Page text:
Google blog reveals how Pixel 4 telephoto camera improves Portrait Mode

Further, Google explained how it adjusted the bokeh processing to make it more SLR-like

Pixel 4

Google’s Pixel line has always offered solid photography to users, including a frankly stunning Portrait Mode capability that far outshone most other smartphones.

While a lot has changed since Portrait Mode debuted on the Pixel 2 line — namely, competitors have caught up in a lot of ways — the Pixel 4 continues to improve on the formula. For those who don’t know (or don’t remember), the Pixel 2, 3 and 3a lines only had one rear camera. Unlike other manufacturers, which used secondary cameras to help detect depth when taking Portrait Mode, the Pixel line used dual-pixels.

The dual-pixel system essentially splits each pixel in half, allowing the software to read each half of the pixel separately and get a marginally different image. In particular, the background will shift compared to the subject of the image and the magnitude of the shift relates to the distance between subject and background (known as parallax).

An easy way to think of it is similar to how your eyes work. Because you receive visual information from two separate points on your face, your brain can calculate depth using the distance between your eyes and the effect that has on what you’re seeing.

You can demonstrate it yourself by lifting your arm straight out in front of you and sticking up your thumb. Close one eye, then switch and close the other eye. The background behind your thumb will appear to move while your thumb remains in the same spot.

Dual-camera setups can improve depth estimation

While the Pixel line used dual-pixel technology along with a healthy dose of Google’s machine learning to achieve excellent Portrait Mode results, dual-pixels aren’t a perfect solution. For example, it can be more difficult to estimate the depth of a far away scene because the pixel halves are less than 1mm apart. In a blog post from the Google AI team, the company explained how pairing dual-pixel technology with a dual-camera setup can help estimate depth.

With the Pixel 4, which has a wide-angle primary camera and a telephoto secondary camera, the cameras are 13mm apart, compared to the less than 1mm difference between the dual-pixels. This larger distance creates a more dramatic parallax that can improve depth estimations with far away objects.

However, the addition of an extra camera doesn’t make dual-pixel technology useless. For one, the Pixel 4’s telephoto lens has a minimum focus distance of 20cm. This means that the Pixel 4 can’t use the second camera for depth detection for close subjects, as the telephoto lens won’t be able to focus. Further, estimating distance can be difficult when lines travel in the same direction as the baseline difference.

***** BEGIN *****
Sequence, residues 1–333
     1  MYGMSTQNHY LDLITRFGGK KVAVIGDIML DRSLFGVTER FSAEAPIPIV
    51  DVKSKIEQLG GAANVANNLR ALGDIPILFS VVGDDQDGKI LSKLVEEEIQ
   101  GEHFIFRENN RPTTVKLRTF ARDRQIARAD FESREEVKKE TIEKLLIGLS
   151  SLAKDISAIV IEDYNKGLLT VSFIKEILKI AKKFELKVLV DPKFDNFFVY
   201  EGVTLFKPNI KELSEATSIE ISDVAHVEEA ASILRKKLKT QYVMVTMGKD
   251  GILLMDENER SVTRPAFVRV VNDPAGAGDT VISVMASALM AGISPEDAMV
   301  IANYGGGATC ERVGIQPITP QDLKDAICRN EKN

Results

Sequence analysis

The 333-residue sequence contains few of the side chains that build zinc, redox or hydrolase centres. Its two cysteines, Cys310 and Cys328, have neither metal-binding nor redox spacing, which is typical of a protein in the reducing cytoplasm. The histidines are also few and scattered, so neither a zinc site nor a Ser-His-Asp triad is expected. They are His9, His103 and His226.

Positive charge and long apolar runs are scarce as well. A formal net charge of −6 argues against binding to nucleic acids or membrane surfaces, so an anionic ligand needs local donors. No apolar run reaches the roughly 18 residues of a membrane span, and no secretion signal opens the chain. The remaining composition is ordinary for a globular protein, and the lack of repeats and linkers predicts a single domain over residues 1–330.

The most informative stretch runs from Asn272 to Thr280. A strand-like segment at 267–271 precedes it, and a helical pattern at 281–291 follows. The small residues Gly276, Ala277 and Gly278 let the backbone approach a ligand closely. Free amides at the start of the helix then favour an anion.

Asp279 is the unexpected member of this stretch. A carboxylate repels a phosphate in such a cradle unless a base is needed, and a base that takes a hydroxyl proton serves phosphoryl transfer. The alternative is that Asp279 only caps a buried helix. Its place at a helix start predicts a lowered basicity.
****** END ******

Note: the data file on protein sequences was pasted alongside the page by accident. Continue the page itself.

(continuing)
In other words, it’s difficult to estimate the depth of a vertical line when the pixels or cameras are split vertically. In the case of the Pixel 4, however, the dual-pixels’ split and the cameras’ split are perpendicular, allowing it to estimate depth for any line of orientation.

Finally, Google said it trained the machine learning model used for depth detection to work with either dual-pixels or dual-cameras. This technique means depth detection will still work if one of the inputs isn’t available — such as when taking a close up picture that prevents the telephoto camera from focusing. It also means that the depth detection can combine inputs for an overall better image.

More SLR-like bokeh

Another improvement that Google made to Portrait Mode is improving the bokeh effect so it better mimics an SLR camera. For example, high-quality SLR bokeh turns small background highlights into bright disks. However, SLRs maintain the brightness of these spots, whereas portrait mode on phones tends to minimize them.

Google adjusted how it processes images so that it blurs the raw HDR+ image first before applying tone mapping, which allows it to maintain the brightness of these points. Further, processing images in this way helps maintain saturation so the background matches the saturation of the foreground. This isn’t just for the Pixel 4, however — these changes also came to the Pixel 3 and 3a with Google Camera app version 7.2.

Overall, these new changes should lead to better Portrait Mode shots. If you’re interested in the nitty-gritty of how it all works, check out the Google blog post for all the details.

Source: Google Via: 9to5Google